Our home-galaxy the Milky way is way bigger than it was previously thought.
Astronomers have had a major breakthrough in revealing the size of our galaxy.
How big is our Milky Way Galaxy?
Our Sun is located in the pancake-shaped disk of the star-cluster which is also the brightest region of the Milky Way Galaxy. It stretches some 120,000 light-years across.
The region beyond this massive stellar disk is an envelope of gas. Both stellar disk and the gas envelop is completely surrounded by a massive halo of dark matter, most probably filled with invisible energy particles. Due to this complexity, it’s difficult to measure its radius.
But Alis Deason and her team at Durham University in England used the positioning of our neighboring galaxies to identify the Milky Way’s edge.
According to their research published at arxiv.org on 21st February, our galaxy has a diameter of 1.9 million light-years or it is 950,000 light-years from one edge to the Milky Way’s Center.
To unravel the secret of the Milky Way Galaxy’s size, astrophysicist Deason with her team managed to build the computer simulations of the birth of the giant galaxies.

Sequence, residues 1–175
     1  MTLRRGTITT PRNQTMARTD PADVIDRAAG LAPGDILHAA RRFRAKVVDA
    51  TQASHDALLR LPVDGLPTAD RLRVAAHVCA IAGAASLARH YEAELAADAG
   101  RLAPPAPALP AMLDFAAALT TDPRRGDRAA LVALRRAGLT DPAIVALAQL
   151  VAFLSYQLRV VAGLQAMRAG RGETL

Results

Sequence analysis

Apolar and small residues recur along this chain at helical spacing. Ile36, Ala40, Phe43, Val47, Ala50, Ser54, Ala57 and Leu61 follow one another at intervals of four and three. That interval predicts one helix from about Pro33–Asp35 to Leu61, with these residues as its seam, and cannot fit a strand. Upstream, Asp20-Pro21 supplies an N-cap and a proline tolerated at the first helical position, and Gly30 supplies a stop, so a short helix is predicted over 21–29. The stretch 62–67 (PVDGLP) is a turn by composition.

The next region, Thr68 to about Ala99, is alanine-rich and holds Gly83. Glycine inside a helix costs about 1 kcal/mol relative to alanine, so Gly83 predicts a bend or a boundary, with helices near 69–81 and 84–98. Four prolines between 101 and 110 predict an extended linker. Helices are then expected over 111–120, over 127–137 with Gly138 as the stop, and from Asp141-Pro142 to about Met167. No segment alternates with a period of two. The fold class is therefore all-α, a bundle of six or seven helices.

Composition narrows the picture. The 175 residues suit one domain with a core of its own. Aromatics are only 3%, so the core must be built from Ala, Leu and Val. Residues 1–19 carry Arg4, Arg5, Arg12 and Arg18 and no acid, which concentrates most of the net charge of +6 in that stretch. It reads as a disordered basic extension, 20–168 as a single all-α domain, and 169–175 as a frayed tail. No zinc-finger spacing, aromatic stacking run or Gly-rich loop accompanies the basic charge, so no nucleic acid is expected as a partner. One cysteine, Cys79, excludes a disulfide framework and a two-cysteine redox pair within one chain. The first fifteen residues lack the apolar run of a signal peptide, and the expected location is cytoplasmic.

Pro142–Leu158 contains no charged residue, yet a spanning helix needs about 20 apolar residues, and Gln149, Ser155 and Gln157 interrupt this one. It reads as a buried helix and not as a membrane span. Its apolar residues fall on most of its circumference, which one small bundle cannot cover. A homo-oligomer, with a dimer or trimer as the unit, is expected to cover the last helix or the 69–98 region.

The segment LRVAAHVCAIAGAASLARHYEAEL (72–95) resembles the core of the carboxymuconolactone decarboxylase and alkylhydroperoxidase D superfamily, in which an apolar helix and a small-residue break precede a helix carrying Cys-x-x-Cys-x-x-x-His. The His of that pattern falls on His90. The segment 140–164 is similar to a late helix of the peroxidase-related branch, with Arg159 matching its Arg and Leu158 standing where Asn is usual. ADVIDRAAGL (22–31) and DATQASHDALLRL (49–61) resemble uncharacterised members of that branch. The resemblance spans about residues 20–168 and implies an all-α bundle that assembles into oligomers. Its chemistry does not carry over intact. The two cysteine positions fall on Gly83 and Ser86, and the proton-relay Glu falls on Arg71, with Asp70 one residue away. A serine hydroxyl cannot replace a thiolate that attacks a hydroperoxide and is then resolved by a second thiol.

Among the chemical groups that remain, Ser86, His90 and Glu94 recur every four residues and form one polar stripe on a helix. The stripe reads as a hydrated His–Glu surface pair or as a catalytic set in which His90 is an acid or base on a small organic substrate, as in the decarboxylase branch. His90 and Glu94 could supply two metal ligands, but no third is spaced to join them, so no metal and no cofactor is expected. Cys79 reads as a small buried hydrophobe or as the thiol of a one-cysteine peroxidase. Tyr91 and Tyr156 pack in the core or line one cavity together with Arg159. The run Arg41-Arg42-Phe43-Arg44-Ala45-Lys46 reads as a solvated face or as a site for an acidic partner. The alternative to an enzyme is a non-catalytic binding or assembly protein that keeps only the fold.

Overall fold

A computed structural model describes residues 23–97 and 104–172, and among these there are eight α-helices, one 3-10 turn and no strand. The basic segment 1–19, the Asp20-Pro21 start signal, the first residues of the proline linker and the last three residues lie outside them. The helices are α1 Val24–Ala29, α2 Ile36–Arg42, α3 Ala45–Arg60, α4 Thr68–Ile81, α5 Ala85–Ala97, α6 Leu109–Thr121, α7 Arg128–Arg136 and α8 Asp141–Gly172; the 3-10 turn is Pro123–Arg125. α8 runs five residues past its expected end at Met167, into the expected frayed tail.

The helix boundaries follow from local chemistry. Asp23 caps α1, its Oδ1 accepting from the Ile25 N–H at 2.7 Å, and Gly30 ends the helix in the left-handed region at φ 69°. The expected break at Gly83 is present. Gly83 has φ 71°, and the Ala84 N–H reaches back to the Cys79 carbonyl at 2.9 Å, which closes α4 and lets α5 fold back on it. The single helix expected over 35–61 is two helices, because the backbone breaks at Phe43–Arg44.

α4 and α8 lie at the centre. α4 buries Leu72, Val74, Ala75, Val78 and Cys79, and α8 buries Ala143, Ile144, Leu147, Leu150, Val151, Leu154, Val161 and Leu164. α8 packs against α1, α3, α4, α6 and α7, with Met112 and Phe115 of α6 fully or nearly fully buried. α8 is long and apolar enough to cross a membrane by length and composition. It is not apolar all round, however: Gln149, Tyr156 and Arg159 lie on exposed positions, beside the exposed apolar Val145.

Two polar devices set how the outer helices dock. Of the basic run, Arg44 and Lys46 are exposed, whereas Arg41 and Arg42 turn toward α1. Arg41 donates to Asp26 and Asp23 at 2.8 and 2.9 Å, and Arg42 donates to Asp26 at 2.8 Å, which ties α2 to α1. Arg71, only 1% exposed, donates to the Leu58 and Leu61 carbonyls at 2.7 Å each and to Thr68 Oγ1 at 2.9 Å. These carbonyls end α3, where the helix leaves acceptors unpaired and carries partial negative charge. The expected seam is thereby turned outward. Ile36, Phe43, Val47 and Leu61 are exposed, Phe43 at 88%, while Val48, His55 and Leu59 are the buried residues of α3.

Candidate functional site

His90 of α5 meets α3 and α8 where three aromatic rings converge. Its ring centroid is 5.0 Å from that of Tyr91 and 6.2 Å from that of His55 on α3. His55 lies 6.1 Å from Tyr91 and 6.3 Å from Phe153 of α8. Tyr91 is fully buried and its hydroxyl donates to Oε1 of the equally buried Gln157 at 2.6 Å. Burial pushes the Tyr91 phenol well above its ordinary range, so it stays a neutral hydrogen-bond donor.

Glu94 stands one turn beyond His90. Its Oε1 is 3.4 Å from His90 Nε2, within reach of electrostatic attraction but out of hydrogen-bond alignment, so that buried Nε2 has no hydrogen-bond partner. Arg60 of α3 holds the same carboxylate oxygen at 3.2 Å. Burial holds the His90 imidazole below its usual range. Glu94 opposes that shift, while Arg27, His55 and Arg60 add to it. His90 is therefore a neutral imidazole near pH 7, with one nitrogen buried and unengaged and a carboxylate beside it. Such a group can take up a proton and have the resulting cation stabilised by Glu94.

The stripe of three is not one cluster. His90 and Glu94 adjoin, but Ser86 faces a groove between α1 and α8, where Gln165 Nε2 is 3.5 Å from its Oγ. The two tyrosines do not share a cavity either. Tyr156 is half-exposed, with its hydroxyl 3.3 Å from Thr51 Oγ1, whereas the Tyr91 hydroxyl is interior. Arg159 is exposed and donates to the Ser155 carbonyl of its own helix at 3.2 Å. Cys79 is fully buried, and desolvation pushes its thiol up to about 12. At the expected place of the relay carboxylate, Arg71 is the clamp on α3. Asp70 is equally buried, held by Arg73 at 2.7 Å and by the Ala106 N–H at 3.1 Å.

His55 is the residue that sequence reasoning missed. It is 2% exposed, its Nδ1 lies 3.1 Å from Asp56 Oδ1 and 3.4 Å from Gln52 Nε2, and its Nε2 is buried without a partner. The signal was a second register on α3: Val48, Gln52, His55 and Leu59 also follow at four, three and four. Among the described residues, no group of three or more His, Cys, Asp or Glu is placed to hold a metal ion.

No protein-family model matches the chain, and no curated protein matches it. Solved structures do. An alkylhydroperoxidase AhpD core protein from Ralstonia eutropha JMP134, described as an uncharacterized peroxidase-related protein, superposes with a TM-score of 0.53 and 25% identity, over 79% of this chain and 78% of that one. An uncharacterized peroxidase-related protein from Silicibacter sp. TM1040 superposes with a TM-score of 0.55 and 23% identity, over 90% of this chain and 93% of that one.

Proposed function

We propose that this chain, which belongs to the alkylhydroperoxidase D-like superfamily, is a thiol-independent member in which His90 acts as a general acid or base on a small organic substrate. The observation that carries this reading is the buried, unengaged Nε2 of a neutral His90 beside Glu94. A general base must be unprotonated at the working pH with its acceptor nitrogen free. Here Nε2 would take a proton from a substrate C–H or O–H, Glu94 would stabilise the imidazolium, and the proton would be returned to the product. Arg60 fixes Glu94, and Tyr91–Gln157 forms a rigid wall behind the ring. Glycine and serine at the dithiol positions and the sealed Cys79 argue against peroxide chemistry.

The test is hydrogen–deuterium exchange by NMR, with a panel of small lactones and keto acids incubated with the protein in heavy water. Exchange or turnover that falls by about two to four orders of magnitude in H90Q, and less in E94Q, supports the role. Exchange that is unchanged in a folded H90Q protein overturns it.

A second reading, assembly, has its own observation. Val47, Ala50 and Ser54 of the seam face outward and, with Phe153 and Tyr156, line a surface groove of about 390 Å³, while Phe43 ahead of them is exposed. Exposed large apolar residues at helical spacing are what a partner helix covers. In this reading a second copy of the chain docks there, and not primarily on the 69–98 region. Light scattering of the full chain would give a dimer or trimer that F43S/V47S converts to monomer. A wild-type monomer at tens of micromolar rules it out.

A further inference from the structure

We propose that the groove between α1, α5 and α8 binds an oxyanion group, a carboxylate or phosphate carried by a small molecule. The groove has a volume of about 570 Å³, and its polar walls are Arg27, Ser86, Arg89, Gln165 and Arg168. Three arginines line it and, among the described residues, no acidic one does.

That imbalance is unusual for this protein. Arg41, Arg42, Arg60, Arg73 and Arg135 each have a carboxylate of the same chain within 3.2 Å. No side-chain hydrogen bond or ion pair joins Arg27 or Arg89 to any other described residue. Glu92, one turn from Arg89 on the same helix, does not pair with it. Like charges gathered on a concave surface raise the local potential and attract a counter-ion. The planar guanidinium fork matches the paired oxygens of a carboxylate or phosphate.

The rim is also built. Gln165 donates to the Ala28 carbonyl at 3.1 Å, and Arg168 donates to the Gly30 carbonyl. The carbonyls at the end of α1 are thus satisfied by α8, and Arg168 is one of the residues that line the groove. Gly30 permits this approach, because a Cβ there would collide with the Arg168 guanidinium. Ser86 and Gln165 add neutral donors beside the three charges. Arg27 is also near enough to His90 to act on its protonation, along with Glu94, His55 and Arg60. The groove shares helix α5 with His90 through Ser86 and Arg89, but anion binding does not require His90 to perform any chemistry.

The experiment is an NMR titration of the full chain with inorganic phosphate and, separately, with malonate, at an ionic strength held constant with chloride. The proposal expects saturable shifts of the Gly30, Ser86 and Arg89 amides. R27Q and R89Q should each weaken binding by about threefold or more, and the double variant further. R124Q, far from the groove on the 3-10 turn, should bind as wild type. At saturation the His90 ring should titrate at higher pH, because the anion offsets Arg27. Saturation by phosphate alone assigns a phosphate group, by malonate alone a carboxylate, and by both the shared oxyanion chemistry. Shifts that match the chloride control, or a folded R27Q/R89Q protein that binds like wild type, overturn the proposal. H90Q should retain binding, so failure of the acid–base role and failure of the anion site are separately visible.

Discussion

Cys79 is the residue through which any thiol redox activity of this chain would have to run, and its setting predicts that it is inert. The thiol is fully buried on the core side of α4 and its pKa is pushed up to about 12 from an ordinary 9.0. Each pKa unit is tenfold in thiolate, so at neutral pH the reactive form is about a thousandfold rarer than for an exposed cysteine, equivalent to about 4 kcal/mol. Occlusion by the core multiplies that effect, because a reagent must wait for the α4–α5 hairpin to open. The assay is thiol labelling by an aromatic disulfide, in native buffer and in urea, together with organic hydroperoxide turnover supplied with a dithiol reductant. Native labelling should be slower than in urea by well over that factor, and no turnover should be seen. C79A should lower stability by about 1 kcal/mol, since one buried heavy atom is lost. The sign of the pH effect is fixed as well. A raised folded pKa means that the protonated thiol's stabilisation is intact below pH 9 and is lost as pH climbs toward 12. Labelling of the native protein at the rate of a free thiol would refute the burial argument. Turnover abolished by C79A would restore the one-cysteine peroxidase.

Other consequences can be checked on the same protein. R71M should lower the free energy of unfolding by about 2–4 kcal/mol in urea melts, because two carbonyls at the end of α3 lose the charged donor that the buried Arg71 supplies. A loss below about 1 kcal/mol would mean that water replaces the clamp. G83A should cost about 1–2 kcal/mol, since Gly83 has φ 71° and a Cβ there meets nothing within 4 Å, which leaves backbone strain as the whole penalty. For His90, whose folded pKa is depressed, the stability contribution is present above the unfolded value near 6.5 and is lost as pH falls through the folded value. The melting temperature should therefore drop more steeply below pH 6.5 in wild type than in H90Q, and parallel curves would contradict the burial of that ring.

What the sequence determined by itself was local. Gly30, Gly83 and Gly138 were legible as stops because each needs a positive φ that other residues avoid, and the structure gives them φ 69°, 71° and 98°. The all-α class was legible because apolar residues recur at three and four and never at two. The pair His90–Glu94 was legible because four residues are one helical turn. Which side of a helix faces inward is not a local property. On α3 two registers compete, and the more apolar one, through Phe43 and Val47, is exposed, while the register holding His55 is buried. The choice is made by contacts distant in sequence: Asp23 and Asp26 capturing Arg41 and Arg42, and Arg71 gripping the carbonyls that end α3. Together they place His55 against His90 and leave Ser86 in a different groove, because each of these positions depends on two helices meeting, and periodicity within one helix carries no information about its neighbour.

They precisely searched for cases of 2 massive galaxies rising next to each other to study how an individual galaxy’s gravity pulls on the other. For example, the Milky Way galaxy and the Andromeda galaxy pulling their counterparts towards each other.
These simulations revealed that the velocities of small neighboring galaxies dropped drastically just after the dark halo’s edge of a giant galaxy.
This finding was double confirmed by the team using the existing telescope observations as they noticed the same drop in the velocities of small galaxies near our Milky Way galaxy.
Also read: Supermassive Black Hole Explosion is the Biggest Ever Recorded…
Even though most of the Milky Way’s mass is made of dark matter, the study shows that there are stars existing at those far-out distances.
“Both have a well-defined edge. The edge of the stars is very sharp, almost like the stars just stop at a particular radius”, Alis Deason said in an interview.
This discovery intensifies the possibility of mapping the galaxies more accurately and precisely in the future.
The scientists can pinpoint the exact location of galaxies by accurately studying the positioning of the nearby small galaxies and could also locate individual stars at the border of the galaxies. Our galaxy still has an infinite number of secrets held within, the curiosity of humans to know more is one of the key factors to unravel them.